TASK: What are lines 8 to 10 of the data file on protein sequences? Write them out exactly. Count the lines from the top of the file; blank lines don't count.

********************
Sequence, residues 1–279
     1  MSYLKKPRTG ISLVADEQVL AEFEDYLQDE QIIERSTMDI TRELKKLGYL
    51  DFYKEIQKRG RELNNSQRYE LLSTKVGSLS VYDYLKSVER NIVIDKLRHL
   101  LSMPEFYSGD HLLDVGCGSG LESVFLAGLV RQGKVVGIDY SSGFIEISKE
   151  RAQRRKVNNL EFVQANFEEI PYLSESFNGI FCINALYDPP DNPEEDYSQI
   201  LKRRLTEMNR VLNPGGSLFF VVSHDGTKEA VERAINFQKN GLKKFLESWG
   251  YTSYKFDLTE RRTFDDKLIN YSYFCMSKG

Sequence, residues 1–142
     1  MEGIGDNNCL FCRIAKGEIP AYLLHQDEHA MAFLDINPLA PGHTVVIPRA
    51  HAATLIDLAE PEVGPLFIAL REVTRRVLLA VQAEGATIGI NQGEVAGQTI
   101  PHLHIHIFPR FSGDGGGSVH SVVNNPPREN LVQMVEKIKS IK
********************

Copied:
Sequence, residues 1–142
     1  MEGIGDNNCL FCRIAKGEIP AYLLHQDEHA MAFLDINPLA PGHTVVIPRA
    51  HAATLIDLAE PEVGPLFIAL REVTRRVLLA VQAEGATIGI NQGEVAGQTI